The first time, he never makes it past the fresh produce section.
Steve stares at the leafy greens ivied against the far wall, radishes like low-slung suns through smoke. He recognizes the cloudy marbles of cabbages, tucked in with purple twins. Knuckles of ginger root and seven kinds of apples, piled high like pirate treasure. There are packages of fruit slices nearly as green as that liquor a grateful woman in Belfort had insisted they take. They’d known it, too, was a treasure excavated, cellar dust layered thick on the bottle.
One of his men had thrown up in a field later and Steve thinks that field must have grown lush since ’44, plants gone to seed decades-thick over where his boots sunk. How many ghosts layer there like impression fossils. Then, Steve had hoped to press his own mark on history, leave something for another to find.
Now, he fills his basket with fruits and vegetables bright enough to hurt.
Steve goes to the far side of the store next time, back set against the lure of produce. He finds himself in front of a long case heaped with cheese like rubble. Steve rests his hand just inside the glass, the cool breeze a modern marvel he expects will never fade to ordinary. There are things that stay fixed, even in this new century: summers are still sticky in New York; a body still sweats.
He picks a few wedges of cheese, soft-rinded and dimpling under his gentle grip. They’d always been his favorites, even before hard cheeses disappeared overseas.
There was a day not long after Steve hung up that prop shield when he had to dart through a farm field gone fallow. He ducked into a cave, tried to remake himself small. Steve brushed against rough wood and found on top a cool surface that dimpled under his touch.
The search for him crossed back and forth in front of the cave, and Steve slivered off pieces of the cheese, letting each melt on his tongue until dawn or death found him first.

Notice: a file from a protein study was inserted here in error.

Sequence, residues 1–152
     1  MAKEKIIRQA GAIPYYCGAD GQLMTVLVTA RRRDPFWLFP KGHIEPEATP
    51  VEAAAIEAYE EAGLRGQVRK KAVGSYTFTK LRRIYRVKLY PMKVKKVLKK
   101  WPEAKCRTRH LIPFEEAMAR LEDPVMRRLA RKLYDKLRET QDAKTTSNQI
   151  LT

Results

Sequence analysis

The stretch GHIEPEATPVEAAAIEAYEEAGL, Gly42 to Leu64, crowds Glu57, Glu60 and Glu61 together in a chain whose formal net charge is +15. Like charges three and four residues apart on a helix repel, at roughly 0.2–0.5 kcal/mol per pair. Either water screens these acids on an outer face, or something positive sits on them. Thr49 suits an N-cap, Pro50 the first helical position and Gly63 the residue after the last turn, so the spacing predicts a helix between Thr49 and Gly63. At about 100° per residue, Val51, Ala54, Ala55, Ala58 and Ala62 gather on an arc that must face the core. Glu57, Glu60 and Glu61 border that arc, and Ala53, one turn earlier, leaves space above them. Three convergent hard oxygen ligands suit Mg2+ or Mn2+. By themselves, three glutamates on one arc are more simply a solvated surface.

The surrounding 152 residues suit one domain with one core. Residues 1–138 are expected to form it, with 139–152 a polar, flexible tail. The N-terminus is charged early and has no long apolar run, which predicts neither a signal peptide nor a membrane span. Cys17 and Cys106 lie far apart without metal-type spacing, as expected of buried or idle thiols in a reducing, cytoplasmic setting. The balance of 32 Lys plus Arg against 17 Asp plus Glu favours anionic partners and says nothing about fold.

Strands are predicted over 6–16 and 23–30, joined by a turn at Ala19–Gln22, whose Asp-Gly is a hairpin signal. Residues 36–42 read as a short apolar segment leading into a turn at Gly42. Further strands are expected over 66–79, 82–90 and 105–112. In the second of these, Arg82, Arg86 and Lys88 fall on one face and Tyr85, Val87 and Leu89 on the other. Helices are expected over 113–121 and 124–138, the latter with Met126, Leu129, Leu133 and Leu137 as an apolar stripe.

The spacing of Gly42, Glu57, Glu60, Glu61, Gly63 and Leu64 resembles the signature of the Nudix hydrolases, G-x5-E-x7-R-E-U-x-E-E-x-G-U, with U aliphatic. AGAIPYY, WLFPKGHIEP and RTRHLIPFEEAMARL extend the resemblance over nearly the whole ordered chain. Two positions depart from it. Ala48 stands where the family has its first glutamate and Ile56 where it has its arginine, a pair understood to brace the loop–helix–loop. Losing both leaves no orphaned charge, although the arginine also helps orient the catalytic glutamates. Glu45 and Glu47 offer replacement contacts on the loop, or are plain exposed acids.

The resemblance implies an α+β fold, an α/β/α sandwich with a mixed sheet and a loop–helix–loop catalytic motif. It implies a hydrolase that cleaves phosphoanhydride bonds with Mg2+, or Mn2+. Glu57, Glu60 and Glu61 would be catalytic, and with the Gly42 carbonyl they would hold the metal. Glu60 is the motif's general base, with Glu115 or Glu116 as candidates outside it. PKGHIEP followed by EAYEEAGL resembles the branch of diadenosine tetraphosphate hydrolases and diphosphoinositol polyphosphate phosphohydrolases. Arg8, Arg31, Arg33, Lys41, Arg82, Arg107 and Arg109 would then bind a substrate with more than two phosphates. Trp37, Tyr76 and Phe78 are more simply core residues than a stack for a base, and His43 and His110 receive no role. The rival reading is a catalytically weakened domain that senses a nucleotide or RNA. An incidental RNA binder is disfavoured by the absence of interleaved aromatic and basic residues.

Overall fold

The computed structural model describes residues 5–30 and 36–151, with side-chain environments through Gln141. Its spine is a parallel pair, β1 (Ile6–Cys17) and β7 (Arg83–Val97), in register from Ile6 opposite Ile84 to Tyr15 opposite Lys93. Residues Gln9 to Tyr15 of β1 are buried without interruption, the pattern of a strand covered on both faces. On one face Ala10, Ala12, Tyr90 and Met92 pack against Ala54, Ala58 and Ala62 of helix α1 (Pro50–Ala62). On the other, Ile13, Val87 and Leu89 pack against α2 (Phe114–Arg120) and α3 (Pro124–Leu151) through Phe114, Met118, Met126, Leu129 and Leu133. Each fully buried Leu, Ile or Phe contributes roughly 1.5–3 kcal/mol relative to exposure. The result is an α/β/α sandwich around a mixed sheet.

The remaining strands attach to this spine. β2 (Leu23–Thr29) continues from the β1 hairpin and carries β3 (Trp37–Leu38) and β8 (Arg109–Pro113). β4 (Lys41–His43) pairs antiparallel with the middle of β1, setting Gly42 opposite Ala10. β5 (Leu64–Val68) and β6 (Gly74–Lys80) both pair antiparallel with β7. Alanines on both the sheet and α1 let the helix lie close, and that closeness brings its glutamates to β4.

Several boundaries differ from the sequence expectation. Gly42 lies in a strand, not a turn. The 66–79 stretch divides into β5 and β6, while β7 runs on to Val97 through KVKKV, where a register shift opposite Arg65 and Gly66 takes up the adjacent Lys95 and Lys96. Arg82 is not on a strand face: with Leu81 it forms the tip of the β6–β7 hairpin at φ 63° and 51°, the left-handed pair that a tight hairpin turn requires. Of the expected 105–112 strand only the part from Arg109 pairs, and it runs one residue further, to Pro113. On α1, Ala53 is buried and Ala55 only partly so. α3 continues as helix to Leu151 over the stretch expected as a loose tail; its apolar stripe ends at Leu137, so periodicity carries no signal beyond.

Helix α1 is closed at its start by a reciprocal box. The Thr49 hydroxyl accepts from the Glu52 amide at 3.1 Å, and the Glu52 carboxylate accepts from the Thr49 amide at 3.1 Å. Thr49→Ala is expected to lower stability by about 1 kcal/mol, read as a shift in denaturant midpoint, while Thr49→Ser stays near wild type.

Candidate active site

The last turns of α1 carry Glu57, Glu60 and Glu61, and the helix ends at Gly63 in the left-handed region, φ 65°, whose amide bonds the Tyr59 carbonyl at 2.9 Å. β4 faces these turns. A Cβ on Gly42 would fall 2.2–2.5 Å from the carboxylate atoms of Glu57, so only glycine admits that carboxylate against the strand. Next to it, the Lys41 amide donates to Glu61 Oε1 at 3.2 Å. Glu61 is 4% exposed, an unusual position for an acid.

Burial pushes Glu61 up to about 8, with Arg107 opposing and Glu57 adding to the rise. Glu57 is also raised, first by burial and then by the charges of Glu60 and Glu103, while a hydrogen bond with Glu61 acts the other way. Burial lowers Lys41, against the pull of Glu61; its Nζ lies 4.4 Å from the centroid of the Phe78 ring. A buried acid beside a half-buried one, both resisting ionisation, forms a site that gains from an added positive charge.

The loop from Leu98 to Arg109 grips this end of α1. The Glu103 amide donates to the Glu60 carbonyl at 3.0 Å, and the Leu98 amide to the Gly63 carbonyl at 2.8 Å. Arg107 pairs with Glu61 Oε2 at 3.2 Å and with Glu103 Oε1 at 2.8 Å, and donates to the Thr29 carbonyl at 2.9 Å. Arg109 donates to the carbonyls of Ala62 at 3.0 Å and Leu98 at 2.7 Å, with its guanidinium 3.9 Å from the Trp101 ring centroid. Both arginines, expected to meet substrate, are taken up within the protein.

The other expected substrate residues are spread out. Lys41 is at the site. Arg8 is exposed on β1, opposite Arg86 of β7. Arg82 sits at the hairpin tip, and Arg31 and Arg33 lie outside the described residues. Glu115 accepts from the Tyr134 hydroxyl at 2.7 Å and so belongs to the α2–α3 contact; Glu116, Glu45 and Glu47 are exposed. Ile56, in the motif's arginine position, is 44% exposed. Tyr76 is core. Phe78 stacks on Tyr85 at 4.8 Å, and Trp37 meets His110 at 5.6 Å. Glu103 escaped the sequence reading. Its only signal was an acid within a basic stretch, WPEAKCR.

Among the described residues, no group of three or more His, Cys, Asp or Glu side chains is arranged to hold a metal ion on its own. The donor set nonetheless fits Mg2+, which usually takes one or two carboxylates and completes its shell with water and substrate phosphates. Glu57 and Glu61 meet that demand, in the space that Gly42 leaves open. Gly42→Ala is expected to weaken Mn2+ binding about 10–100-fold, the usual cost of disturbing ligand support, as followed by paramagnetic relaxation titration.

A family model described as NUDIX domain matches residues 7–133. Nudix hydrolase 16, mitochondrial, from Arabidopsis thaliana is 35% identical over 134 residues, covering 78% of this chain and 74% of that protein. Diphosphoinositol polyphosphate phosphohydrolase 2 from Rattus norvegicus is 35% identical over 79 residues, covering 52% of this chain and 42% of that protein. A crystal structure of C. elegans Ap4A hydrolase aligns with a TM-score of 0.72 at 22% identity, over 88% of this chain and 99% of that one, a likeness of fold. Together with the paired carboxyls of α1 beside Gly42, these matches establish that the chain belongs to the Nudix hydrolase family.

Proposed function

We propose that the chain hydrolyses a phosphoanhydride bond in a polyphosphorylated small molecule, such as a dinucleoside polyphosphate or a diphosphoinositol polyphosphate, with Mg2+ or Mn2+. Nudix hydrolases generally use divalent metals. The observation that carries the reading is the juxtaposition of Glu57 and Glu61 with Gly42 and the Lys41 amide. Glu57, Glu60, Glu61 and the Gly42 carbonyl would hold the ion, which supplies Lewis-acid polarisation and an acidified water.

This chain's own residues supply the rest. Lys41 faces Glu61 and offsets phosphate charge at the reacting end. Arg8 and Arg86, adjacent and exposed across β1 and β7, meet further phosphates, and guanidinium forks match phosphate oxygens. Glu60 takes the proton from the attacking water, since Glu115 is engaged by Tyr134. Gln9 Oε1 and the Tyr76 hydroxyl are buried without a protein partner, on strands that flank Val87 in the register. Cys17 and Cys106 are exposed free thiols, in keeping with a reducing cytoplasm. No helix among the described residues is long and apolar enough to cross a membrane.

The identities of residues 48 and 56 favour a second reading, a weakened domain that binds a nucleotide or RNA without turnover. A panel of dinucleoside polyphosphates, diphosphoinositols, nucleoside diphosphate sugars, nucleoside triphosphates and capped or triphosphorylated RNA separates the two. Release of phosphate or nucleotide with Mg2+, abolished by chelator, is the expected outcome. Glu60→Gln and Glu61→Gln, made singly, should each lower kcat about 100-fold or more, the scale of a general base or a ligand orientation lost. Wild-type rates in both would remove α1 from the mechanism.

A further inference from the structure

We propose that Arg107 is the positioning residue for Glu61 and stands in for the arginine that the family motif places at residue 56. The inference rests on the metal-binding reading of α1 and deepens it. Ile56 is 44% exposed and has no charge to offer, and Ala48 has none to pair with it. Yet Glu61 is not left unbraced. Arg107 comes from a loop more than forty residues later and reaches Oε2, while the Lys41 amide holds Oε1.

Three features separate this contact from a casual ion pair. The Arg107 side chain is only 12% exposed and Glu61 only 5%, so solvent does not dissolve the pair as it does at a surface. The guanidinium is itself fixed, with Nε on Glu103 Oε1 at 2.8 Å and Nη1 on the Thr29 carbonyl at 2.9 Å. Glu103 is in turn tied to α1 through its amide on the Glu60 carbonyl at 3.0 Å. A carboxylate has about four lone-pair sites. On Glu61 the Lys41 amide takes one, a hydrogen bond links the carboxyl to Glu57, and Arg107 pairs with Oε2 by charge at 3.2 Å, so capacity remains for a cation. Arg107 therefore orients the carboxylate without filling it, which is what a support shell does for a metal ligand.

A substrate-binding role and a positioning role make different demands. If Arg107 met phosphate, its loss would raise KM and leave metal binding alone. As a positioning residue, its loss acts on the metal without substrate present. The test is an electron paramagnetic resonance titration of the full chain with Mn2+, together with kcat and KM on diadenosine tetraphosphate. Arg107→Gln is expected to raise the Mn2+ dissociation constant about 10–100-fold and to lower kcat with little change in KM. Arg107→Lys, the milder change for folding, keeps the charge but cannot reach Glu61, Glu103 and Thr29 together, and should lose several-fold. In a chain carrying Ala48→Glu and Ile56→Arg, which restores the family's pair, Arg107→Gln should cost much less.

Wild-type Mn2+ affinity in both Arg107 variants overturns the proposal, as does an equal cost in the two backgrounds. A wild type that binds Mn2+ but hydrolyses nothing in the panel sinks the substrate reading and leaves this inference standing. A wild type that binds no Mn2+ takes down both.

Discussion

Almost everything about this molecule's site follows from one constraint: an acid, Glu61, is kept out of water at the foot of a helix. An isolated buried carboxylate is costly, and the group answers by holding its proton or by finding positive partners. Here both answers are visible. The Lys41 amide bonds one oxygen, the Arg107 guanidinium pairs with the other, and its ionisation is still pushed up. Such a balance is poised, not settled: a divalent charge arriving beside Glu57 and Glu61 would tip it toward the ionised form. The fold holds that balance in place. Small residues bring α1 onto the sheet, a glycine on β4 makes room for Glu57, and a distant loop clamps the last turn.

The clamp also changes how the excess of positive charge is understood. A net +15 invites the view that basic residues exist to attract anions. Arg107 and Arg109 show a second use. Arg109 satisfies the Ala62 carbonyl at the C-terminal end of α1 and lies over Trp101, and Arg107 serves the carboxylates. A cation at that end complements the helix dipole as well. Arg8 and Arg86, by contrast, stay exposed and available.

Everyone gives him a double-take when they see him texting, as if a full keyboard would be any trouble after a telegraph. Steve sighs, wishing for the luxury of being unremarkable. The problem with imagination, he thinks, is it only looks forward.
If anyone ever bothered to ask him what he liked best about here, he’d say coffee. Not the lattes and specialty cafés that remind him he ought to see Rouen or Paris again, but the bins lining the aisles here, each tracing an origin that spirals somewhere else. He buys more than he can really drink, stacking it inside cabinets until his whole kitchen smells like coffee.
When he and his men were able to save up enough coffee for full cups to go around, they used to wish for another tomorrow, blowing away steam like birthday candles. Steve remembers the odd splendor of rest. The comfort of sitting squeezed together in whatever shelter they’d found or made. He never made his own wish, too aware of his still-new body’s mortgage.
There are thousands of tomorrows between him and those scraped-together evenings, now. Sometimes, Steve wonders if those wishes had been rationed out like the coffee, and his share is what finally pulled him free of that long sleep.
Emily Capettini is a queer fiction writer from the Midwest who loves a good ghost story. Her work has most recently appeared in places like Middle House Review and Lammergeier, among others. Her chapbook, Girl Detectives, is forthcoming from Porkbelly Press later this year. Find out more about her at emilycapettini.com.
One thought on “After 70 Years in the Ice, Steve Rogers Visits Whole Foods by Emily Capettini”
This made me so profoundly sad that I could smell the coffee